While some of these symptoms might seem noticeable enough, most people do not immediately suspect a serious problem when a headache or bout of yawning begins. Coupled with the sense of euphoria and fuzzy thinking, victims of hypoxia may instead feel that nothing is wrong at all. Pilots flying at high altitudes should be especially self-aware to detect any of these symptoms, even when flying in a pressurized cabin or with oxygen. Those who have lived much of their lives at lower altitudes, smokers, those experiencing stress, and those who are not physically fit will be more susceptible to hypoxia. Hypoxia's likelihood is also increased at higher ambient temperatures.

Treatment and Preventions

The difficulty in combating hypoxia largely lies in recognizing it quickly. Once known, the solutions are not complicated. Immediately upon recognizing either hypoxia or a system malfunction that will inevitably lead to hypoxia (such as decompression), descend to an altitude where oxygen will not be required--below 10,000 ft. Have the affected persons use supplemental oxygen, and encourage them to intentionally take slower, deliberate breaths. Perform a thorough check of related systems to either determine the cause of the hypoxia, or ensure you have the support to descend safely.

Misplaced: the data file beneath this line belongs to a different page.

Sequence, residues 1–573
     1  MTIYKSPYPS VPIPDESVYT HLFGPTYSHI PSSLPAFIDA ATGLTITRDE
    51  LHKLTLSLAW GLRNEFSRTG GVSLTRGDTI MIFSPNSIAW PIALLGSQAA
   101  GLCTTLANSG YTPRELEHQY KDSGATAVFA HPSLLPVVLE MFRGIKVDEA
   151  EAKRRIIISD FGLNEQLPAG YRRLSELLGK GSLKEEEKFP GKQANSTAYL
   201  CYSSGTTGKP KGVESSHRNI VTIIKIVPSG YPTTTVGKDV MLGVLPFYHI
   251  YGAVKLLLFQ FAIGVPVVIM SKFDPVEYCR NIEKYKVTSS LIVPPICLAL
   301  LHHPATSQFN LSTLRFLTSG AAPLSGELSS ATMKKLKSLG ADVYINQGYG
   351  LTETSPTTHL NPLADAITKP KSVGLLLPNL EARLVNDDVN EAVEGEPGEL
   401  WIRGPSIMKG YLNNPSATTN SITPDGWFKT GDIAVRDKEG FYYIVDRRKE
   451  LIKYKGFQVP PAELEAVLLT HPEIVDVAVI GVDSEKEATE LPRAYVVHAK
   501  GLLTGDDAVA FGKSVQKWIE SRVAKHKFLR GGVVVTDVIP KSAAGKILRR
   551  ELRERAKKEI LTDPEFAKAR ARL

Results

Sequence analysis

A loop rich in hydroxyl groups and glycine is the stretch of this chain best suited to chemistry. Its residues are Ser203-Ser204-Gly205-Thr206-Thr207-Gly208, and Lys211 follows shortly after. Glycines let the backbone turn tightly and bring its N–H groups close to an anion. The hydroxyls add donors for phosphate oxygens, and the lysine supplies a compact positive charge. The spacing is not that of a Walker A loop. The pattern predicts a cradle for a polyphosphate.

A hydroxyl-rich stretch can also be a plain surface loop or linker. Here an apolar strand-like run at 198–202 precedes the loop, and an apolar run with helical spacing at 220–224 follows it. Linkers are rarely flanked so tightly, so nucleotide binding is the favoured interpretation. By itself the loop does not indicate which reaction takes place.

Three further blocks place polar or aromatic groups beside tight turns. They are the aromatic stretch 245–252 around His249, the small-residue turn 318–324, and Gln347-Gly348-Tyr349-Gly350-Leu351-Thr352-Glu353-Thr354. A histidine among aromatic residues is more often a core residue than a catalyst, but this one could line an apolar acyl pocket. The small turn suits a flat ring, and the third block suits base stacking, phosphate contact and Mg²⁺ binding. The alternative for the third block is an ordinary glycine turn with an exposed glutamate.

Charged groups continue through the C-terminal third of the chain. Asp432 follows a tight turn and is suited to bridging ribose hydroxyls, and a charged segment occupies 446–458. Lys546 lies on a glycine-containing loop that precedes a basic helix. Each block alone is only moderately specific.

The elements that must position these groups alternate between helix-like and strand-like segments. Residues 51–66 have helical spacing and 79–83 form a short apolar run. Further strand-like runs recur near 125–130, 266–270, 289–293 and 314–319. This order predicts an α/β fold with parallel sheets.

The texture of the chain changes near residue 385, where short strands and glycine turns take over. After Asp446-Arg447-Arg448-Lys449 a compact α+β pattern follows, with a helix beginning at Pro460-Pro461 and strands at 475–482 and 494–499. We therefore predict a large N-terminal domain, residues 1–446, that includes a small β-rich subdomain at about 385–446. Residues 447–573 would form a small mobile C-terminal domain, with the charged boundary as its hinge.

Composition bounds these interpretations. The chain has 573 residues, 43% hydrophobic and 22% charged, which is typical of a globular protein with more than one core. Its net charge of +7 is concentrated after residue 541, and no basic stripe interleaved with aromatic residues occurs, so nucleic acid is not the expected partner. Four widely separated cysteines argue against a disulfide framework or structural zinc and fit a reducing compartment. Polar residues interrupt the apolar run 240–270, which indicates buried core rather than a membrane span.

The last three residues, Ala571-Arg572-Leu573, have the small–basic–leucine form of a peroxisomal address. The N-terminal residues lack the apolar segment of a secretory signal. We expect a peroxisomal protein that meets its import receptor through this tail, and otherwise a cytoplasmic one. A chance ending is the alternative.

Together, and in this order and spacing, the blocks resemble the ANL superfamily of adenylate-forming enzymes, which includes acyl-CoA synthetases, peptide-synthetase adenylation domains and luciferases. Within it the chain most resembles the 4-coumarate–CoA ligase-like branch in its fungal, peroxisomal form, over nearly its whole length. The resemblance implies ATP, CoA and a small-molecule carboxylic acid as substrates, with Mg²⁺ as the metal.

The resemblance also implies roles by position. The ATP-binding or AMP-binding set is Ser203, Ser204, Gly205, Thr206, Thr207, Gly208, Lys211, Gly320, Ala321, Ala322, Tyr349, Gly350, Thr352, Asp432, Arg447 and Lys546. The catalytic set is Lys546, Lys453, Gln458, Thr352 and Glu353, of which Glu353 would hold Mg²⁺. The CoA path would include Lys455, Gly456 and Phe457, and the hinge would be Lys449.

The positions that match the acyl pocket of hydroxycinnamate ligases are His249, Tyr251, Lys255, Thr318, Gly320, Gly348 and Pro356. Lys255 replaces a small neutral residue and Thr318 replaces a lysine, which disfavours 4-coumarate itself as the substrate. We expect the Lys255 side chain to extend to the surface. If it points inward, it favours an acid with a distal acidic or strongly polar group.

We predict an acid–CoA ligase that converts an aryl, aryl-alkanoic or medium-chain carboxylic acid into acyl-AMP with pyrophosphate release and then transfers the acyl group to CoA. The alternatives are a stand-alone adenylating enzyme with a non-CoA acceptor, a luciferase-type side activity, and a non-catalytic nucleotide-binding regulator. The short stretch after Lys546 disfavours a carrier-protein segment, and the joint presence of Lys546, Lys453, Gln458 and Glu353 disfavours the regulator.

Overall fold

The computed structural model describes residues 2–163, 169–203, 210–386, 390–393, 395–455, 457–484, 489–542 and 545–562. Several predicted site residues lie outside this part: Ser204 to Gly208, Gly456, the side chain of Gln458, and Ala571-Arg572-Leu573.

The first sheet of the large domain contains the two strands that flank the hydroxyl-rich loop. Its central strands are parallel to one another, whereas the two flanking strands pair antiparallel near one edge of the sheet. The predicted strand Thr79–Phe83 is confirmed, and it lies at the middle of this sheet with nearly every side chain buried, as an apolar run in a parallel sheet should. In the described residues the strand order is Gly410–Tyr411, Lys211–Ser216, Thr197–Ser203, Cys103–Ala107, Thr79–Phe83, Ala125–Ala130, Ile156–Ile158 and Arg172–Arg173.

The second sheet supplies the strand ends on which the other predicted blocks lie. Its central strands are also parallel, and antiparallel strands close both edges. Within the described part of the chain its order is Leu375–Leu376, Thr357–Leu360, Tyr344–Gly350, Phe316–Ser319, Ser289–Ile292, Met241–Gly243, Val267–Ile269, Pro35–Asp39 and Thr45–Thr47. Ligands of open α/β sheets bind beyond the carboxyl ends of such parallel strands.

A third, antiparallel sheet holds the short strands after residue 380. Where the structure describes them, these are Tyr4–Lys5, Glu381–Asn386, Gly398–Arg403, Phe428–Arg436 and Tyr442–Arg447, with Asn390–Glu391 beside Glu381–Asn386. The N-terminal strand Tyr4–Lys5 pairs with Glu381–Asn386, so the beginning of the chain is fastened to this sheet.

In general, it is best to limit your time above 10,000 ft to less than an hour, even less if you're above 12,000 ft. Even if you feel you don't need it, don your oxygen mask when above 10,000 feet during the day, or above 5,000 feet at night. Of course, comply with all oxygen requirements set forth in the CFRs, or stricter requirements put in place by your operation.

Finally, be sure to keep yourself in good physical condition. Although the regulations specify avoiding alcohol within eight hours of a flight, taking a more conservative approach is best, as alcohol consumption can make you susceptible to hypoxia for hours after you no longer feel the effects. Avoid smoking, be aware of stress levels and endeavor to reduce them, and above all, remain in close communication with your co-pilot. By remaining aware of one another's mental condition at all times, you can more easily detect hypoxia in both yourself and the other pilot, allowing for a swifter reaction.

Knowing the signs and reacting appropriately can keep your encounters with hypoxia short, unremarkable, or even non-existent.

Related CTS training:

  • Physiology and First Aid
  • Physiological Aspects of Flight